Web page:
AMD Platform vs GIGABYTE: IO Power Overhead Gone

Starting off with the big change for toady’s review: the new production-grade GIGABYTE Milan compatible test platform.

In our original review of Milan, we had initially discovered that AMD’s newest generation chips had one large glass jaw: the platform’s extremely high idle package power behaviour exceeding 100W. This was a notable regression compared to what we saw on Rome, and we deemed it as a core cause as of why Milan was seeing some performance regressions in certain workloads compared to the predecessor Rome SKUs.

We had communicated our findings and worries to AMD prior to the review publishing, but never root-caused the issue, and never were able to confirm whether this was the intended behaviour of the new Milan chips or not. We theorized that it was a side-effect of the new sIOD which had the infinity fabric running at a higher frequency, which this generation runs in 1:1 mode with the memory controller clocks.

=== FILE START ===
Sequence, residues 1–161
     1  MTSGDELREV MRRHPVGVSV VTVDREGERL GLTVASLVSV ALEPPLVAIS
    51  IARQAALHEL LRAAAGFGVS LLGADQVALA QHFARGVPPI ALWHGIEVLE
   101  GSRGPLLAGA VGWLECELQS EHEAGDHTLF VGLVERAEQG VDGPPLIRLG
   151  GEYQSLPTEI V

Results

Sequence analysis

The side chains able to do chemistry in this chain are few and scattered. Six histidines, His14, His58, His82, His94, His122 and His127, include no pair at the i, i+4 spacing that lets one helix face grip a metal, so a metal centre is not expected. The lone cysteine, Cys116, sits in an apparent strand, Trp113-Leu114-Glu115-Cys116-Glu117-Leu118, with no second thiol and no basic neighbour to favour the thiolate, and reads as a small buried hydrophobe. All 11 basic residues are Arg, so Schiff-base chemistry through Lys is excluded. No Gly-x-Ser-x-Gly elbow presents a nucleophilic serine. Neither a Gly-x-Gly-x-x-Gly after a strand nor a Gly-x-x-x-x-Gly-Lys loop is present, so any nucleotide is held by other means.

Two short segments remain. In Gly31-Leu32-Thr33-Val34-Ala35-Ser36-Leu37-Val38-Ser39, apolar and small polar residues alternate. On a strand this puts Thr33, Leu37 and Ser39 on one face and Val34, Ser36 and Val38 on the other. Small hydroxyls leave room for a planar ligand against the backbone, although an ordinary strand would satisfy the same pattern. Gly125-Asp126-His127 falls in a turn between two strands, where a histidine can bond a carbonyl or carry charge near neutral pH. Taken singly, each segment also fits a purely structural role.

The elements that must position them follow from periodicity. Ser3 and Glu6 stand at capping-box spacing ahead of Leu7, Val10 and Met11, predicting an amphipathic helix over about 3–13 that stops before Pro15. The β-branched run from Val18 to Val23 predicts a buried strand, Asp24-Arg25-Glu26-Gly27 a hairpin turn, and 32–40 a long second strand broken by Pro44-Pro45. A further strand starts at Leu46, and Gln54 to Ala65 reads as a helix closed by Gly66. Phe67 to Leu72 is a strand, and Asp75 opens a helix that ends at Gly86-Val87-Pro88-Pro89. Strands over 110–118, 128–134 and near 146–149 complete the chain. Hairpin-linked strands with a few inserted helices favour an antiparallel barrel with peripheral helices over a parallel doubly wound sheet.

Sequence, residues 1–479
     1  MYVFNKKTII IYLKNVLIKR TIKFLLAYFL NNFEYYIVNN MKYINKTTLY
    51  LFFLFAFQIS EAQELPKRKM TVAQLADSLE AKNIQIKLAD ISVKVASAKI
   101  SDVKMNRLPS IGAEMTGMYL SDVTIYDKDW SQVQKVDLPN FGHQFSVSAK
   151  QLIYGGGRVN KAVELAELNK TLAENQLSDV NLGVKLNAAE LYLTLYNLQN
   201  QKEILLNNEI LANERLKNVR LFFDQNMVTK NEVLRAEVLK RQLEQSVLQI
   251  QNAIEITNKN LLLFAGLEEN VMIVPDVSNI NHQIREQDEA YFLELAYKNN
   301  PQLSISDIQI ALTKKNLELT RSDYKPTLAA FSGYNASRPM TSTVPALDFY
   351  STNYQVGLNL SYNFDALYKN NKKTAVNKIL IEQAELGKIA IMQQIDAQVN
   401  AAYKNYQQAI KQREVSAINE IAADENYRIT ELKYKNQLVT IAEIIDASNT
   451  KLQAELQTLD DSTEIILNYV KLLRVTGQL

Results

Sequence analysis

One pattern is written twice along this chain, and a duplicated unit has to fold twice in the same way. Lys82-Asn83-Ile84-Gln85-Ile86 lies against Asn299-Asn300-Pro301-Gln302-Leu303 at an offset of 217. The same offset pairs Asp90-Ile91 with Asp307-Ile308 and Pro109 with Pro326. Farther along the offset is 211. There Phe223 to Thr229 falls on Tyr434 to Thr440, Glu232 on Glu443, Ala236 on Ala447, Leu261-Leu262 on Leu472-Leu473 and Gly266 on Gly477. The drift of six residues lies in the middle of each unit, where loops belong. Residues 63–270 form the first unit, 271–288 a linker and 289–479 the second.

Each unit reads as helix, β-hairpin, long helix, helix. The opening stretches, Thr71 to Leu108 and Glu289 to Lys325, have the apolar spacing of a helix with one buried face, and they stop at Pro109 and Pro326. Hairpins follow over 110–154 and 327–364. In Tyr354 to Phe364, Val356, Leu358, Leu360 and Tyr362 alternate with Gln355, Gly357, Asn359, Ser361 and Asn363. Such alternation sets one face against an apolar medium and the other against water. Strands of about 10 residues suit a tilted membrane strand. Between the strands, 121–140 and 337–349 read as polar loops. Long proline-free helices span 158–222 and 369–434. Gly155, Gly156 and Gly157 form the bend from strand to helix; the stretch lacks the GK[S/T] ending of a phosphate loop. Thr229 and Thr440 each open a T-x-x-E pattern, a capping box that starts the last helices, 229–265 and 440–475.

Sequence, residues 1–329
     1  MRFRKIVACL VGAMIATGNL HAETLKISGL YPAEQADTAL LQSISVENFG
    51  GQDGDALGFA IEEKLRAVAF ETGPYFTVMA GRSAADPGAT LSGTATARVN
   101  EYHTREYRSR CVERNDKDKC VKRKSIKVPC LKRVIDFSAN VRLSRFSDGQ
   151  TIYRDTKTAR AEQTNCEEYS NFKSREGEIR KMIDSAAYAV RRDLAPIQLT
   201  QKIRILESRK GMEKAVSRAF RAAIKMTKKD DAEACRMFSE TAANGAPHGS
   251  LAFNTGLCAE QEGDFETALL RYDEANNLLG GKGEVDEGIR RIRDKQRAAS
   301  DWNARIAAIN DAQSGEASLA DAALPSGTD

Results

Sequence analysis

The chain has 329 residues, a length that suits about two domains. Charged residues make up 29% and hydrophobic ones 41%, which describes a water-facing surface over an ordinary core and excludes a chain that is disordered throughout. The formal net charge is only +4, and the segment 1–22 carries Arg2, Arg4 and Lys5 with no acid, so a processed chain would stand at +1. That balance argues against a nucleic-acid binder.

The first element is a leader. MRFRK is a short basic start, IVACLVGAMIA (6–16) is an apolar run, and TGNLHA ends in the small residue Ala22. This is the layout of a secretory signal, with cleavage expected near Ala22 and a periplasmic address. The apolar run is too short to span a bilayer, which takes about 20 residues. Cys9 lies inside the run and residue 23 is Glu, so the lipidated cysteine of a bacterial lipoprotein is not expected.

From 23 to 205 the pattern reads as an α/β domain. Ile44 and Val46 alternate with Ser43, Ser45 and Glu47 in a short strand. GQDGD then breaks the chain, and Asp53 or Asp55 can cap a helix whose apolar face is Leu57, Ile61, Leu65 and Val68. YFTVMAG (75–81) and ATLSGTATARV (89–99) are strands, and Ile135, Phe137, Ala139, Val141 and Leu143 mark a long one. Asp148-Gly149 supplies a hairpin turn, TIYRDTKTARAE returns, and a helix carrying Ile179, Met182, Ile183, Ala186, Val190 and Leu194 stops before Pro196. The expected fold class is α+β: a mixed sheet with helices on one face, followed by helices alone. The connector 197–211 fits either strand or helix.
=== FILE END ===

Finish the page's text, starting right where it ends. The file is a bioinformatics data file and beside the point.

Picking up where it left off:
Package Idle Power

To our surprise, when setting up the new GIGABYTE system, we found out that this behaviour of extremely high idle power was not being exhibited on the new test platform.

Indeed, instead of the 100W idle figures as we had tested on the Daytona system, we’re now seeing figures that are pretty much in line with AMD’s Rome system, at around 65-72W. The biggest discrepancy was found in the 75F3 part, which now idles 39W less than on the Daytona system.

Milan Power Efficiency
TDP Setting 280W
Perf PKG
500.perlbench_r 281 274 166 317 282 195
502.gcc_r 262 262 131 271 265 150
505.mcf_r 155 252 115 158 252 132
520.omnetpp_r 142 249 120 144 244 133
523.xalancbmk_r 181 261 131 195 266 152
525.x264_r 602 279 172 641 283 196
531.deepsjeng_r 262 267 161 296 283 196
541.leela_r 267 249 148 303 274 199
548.exchange2_r 487 274 176 543 262 202
557.xz_r 190 260 141 206 272 171
SPECint2017 255 260 141 275 265 164
kJ Total   2029     1932  
Score / W   0.980     1.037  
503.bwaves_r 354 226 90 362 218 99
507.cactuBSSN_r 222 278 150 229 285 174
508.namd_r 282 279 176 280 260 193
510.parest_r 153 256 119 162 259 138
511.povray_r 348 275 176 387 255 193